Telling a Story: The Content of a Case Report
Writing a CR can seem daunting. What background information is necessary? How detailed should the methods section be? What kind of language is best? These questions are easier to answer when you have a clear understanding of the likely audience for your CR. Imagine describing a massage treatment to healthcare professionals, such as nurses or physicians. They are not trained in MT, but they are familiar with anatomy, physiology, and client care. Consider the details they would want and need to know to best understand the case, and be sure to include them.
Keep in mind that a CR is similar to a conversation; essentially, it is a structured form of storytelling (see table 20.2). Set out to command attention, use clear language, and earn the audience’s trust and interest.
CRs have the same basic structure as other research articles, but also have some unique features. What follows is an overview of the major sections.
The introduction gives the reader the necessary background information needed to understand the current study’s methods, evaluate the client’s clinical condition, and interpret the significance of the results. It is essential to include a review of the relevant literature in this section. As you decide which sources and information to include, consider the following questions. What information would a fellow clinician need to treat this client? What consensus or controversies exist related to the condition, the specific population, or the MT modalities being investigated? How does this background data support the research question? An effective introduction is thorough but is not necessarily exhaustive. By the end of the introduction, a CR reader should have a clear sense of what is known, what remains to be discovered, and why the topic matters. These, in turn, lead logically to the research question itself, which should be explicitly stated for the sake of clarity.
The methods section should provide enough detail that a skilled colleague could carry out a similar study. This means including a well-rounded profile of the client, a lucid description of the treatment plan and any deviations from that plan, and a clear account of the measurements used. Basic details are important. At a minimum, be sure to indicate session length and frequency, the specific modalities applied, when and how measurements were taken, relevant details of the participant’s health history, and the goals of treatment.
Description of Massage Techniques
An often overlooked aspect of massage CRs is a sufficiently detailed description of technique (Moyer, Dryden, and Shipwright 2009). In much of the research literature, massage is treated as a uniform practice, yet any practicing therapist knows that an immense variety of applications can be made in a single massage session. Detailed descriptions of massage applications make for a better definition of massage, better research methods, and a better-informed health care world.
Examples of Methods to Discuss in a CR
- Which body regions were the focus of the massage, and approximately how much time was spent on each region?
- Which structures were specifically targeted? (Muscles, fascia, bones, viscera, nerves?)
- What was the intention behind the overall treatment approach? To create more mobility and functionality? To reduce stress and pain? To foster body awareness or trauma recovery?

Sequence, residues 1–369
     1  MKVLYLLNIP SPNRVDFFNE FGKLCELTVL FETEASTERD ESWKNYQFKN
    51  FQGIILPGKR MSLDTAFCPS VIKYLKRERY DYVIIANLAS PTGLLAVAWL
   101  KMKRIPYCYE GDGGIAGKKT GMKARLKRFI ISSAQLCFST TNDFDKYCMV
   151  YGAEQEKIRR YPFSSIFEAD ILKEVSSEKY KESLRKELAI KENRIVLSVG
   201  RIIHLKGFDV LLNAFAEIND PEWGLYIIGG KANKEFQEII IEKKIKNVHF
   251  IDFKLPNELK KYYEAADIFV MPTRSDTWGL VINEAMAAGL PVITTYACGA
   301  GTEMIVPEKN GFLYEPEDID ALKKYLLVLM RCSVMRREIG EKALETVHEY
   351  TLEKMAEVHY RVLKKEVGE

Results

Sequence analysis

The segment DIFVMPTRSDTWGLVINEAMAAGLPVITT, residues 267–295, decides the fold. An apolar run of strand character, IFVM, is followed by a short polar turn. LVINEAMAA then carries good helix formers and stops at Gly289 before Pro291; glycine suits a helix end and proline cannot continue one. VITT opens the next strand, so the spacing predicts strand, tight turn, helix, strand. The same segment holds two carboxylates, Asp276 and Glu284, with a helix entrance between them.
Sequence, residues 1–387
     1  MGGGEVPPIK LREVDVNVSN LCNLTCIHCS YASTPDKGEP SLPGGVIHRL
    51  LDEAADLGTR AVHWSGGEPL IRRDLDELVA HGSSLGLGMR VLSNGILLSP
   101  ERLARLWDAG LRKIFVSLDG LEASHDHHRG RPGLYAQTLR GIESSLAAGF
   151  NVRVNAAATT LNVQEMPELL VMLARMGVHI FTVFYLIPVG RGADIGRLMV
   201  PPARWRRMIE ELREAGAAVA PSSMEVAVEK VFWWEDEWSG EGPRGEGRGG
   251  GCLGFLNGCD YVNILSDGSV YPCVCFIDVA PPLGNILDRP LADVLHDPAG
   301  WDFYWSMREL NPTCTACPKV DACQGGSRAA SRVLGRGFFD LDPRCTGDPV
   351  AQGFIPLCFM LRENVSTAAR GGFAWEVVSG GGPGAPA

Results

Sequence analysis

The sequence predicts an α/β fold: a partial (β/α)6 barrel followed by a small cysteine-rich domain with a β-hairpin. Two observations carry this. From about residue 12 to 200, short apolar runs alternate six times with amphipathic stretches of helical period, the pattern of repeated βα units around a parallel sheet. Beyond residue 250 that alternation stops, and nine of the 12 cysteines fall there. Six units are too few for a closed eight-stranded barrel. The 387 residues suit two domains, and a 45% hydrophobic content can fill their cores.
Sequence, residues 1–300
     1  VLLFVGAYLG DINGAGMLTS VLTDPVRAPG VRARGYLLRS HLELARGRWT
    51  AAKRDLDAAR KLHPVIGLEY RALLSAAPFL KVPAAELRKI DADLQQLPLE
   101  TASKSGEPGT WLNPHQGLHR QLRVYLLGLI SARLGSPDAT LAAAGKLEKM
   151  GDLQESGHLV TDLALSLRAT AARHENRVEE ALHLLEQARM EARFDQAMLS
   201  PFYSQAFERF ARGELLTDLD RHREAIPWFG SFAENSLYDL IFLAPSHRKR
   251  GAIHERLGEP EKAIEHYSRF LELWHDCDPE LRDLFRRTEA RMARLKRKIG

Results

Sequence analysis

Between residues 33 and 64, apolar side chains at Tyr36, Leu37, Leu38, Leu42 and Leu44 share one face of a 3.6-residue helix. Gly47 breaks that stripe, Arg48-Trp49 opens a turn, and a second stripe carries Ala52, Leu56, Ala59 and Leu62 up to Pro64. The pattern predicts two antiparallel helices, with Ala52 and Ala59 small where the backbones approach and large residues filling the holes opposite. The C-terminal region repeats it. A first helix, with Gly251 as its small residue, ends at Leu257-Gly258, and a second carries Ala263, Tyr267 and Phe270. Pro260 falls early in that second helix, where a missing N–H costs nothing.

- Were any aspects of communication with the patient worth mentioning?
- Were there important elements in the therapist’s body mechanics or hand shape?
A good treatment summary is concise and is more detailed on key points. Special attention should be paid to those aspects of MT that are frequently under-represented in the literature. These include the utterances and behaviors of the client, as well as the author’s qualitative observations. In addition to your narrative summary of the results, you should also consider graphical, tabular, and quantitative methods for presenting your findings effectively. These approaches, when done well, allow for efficient use of journal space and can add to the clarity and interpretability of your results. Finally, keep in mind that it is essential to avoid prejudging the data. A good results section is balanced, pertinent, and compelling, but does not contain your conclusions. These belong in the discussion
The discussion section is your opportunity to offer aninterpretation of results. It is important to restate the research question and to make a balanced appraisal of any conclusions to be drawn from the results. Keep in mind that an individual CR cannot definitively prove anything by itself, nor is that its purpose. Authors can and should report their hunches, assert likelihoods, and otherwise opine on what happened, but they should avoid the temptation to state these as proven fact (Gleberzon 2006).
This section also presents the opportunity to reflect on the study’s design and execution. Were there unforeseen challenges? Could certain methods have been improved? In hindsight, how effective was the clinical approach? What kinds of studies or questions would be most appropriate for future research? Discussion of such issues shows that you have been thoughtful in completing your research. It can guide future clinicians in most effectively contributing to the base of research evidence.
Finally, you may want to take the opportunity to place your findings into the context of the profession or health care in general. If appropriate, you might indicate how you think the MT profession could employ your CR’s techniques or clinical approaches in similar cases. You could also outline the lessons your CR offers to health care, MT educators, or the public.